By Kai Curry
NORTHWEST ASIAN WEEKLY
Before watching Sean Wang’s “Nǎi Nai & Wài Pó,” you might think this will be a simple short film about a young man’s grandparents. It’s bound to be loving and also culturally informative. But actually, this award-winning “slice of life” of Wang’s two grandmothers is so much more.
“We wanted to make a movie that honored [their relationship] and humanized them in a way that I hadn’t really seen people like them portrayed in media or the news,” Wang told the Asian Weekly in an interview. “We wanted to make a holistic portrait of them and their relationship to each other, but also their relationship to me, in a very specific moment in time.”
This tiny film packs a big wallop. Right from the start, you know you are in the hands of a filmmaker already wise beyond his years, who uses experimental angles and unexpected vignettes to form a whole picture of two women so important in his life: Chang Li Hua, his maternal grandmother (wài pó), and Yi Yan Fuei, his paternal grandmother (nǎi nai). The short film begins with a view from the ceiling of the two women lying in bed—one is still sleeping and the other, awake, waves to the camera and says “hello” to Sean. For myself, I was immediately caught off guard—wow, a scene of two elderly women in their bedroom? That’s unconventional. And by the way, why are they together in the bedroom? How did they end up in this situation where they share a home?
Wang, who is Taiwanese American, born in San Jose, explained that he grew up with his nǎi nai, while his wài pó lived in Taiwan for most of his childhood. He and his parents would visit her in the summers. Wang had left for college when his wài pó came to live with the rest of them in Fremont, California.
“That was the start of their relationship together under one roof and their sisterhood, or friendship,” he said. “I am lucky that they found each other.”
It’s really a charmed relationship, the one that the two women share. They spend nearly all of their time together, and of course, they are delighted when their grandson comes to visit. In 2021, when Wang moved from New York, where he had been living, back to California, he realized that he was “never [again] going to have this much time to spend with them and live with them in my young adult life.” The time spent filming was “the first time in a long time that I’ve spent that much time with my grandmothers under one roof. It was a very special moment for [me].”
Wang’s nǎi nai and wài pó don’t mind hamming it up for the camera, but they also get serious. Both have led rich, varied lives, and both have been affected by the anti-Asian hate in the United States, to the point of mentioning that they are afraid to go out of the house. As Wang explained, the time they were filming “happened to coincide with a lot of anti-Asian hate crimes” both in the country and “in our backyard,” i.e. the San Francisco Bay area. Going from reading headlines about “people like them,” elderly Asians, being attacked, to “seeing my grandmothers and seeing their smiles and feeling their joy,” was a very “strange emotion” for Wang. It strengthened his desire to show the world through this film that elderly Asians deserve respect and care.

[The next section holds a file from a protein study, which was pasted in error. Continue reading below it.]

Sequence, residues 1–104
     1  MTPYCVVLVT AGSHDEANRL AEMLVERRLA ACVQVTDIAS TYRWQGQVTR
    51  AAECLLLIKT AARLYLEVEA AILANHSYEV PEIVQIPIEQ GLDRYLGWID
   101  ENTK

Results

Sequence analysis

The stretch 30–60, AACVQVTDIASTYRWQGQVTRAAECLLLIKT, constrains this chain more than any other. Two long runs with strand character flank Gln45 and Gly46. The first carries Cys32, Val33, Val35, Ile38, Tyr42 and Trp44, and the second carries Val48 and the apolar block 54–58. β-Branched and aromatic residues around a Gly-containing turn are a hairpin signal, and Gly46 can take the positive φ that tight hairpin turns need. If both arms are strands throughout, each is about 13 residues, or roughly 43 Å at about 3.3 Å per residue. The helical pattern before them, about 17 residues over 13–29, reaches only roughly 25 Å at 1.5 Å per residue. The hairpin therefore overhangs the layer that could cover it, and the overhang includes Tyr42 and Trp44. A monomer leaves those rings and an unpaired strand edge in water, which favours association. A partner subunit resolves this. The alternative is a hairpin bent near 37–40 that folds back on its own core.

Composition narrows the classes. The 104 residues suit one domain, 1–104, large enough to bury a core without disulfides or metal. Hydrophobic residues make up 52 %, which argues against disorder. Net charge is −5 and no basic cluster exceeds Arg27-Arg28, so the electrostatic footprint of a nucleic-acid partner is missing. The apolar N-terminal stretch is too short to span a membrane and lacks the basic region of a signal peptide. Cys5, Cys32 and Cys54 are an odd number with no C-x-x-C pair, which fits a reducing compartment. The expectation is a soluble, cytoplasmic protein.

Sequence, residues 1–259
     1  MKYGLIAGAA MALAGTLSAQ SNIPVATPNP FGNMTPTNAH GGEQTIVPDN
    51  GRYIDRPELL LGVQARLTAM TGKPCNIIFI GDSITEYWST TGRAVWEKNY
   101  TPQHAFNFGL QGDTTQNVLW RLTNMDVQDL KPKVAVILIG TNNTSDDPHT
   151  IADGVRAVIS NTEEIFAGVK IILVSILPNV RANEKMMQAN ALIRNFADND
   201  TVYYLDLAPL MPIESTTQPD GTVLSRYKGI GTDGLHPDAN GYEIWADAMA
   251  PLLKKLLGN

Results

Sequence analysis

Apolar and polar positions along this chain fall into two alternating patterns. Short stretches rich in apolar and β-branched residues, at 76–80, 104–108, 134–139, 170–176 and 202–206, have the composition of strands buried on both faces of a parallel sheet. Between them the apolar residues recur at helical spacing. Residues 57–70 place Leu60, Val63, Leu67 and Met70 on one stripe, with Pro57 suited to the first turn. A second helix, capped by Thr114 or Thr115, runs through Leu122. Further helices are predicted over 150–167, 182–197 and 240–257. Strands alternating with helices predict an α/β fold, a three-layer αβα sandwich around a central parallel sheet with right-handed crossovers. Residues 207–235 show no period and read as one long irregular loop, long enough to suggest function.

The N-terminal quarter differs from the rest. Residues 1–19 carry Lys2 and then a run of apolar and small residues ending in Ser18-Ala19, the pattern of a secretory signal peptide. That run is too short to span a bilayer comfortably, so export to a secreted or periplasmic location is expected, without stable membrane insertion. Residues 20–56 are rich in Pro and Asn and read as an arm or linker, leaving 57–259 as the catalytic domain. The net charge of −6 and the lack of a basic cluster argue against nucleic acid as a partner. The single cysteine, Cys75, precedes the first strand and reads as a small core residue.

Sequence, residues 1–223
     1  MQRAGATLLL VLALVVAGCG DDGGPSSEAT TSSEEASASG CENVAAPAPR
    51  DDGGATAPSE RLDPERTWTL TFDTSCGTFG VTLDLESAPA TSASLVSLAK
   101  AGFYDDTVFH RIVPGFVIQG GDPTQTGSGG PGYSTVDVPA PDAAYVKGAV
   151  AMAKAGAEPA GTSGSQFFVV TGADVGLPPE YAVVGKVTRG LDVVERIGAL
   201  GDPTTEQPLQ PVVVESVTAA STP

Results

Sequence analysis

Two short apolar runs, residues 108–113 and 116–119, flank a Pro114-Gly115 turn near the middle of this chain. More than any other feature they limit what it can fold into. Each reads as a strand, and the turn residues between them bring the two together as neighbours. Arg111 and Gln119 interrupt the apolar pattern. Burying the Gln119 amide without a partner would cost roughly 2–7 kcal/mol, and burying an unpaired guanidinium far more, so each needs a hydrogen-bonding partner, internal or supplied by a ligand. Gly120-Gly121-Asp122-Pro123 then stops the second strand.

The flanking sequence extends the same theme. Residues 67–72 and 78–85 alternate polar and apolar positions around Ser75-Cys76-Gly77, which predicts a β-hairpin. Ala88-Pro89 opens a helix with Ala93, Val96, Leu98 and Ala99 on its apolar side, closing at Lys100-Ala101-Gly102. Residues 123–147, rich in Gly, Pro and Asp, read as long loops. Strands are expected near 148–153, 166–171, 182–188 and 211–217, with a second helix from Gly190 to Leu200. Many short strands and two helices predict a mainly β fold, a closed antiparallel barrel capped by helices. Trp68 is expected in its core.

“The version of them that I see in the headlines does not reflect the version that I know,” Wang continued. “So that was kind of the goal—to make a three-dimensional portrait of their lives to show that people like them, elderly people in our communities, are just as full of joy and youth.”
Everyone has a unique and special life. Everyone has a story. We don’t learn a lot about the two women in this film, and yet we do. We know that one of them had a harder time in life than the other (“harder” being relative, of course). We know that nǎi nai, at 83, feels like she’s 20, as she says at the beginning, while wài pó, at 94, feels like she’s 100, she laughs, and it’s bittersweet. We know they are trying hard to stay fit as well as they can within the confines of their home, and we know they love their grandson. They do their best to stay upbeat, but of course, sometimes they feel down, such as when wài pó studies mementoes of people in her life that she has lost.
“Young people also deal with feelings of loneliness and pain,” Wang commented. But these feelings are even more intense, perhaps, for someone with so much life behind them. “I don’t know what it’s like to see my friends pass away,” Wang added.
“Nǎi Nai & Wài Pó,” which is in both English and Mandarin Chinese, is available to view on Hulu and as part of a Disney+ relaunch of “People & Places,” a series that first ran in the 1950s and 1960s, and which is described as “a mix of up-and-coming and established filmmakers telling the real-life stories of extraordinary people and places from around the globe.”
“Nǎi Nai & Wài Pó” premiered at SXSW, where it took home the Grand Jury Prize and Audience Award. The recognition has kept coming from there, including an Academy Award nomination for “Outstanding Documentary Short Film.” Wang is now looking forward to the public at large discovering not only “Nǎi Nai & Wài Pó” but a full-length feature film, “DìDi.”
In descriptions of “Nǎi Nai & Wài Pó,” Wang’s grandmothers are called “superheroes.” The Asian Weekly asked Wang why he thought that was. He answered, “You zoom in on these people in these lives that can seem very ordinary and you go very up close and you explore the day-to-day, quotidian lifestyle that they have. When you zoom in that much, you realize that the most ordinary lives are extraordinary, that to be alive, to be human, is very, very heroic.”
Kai can be reached at firstname.lastname@example.org.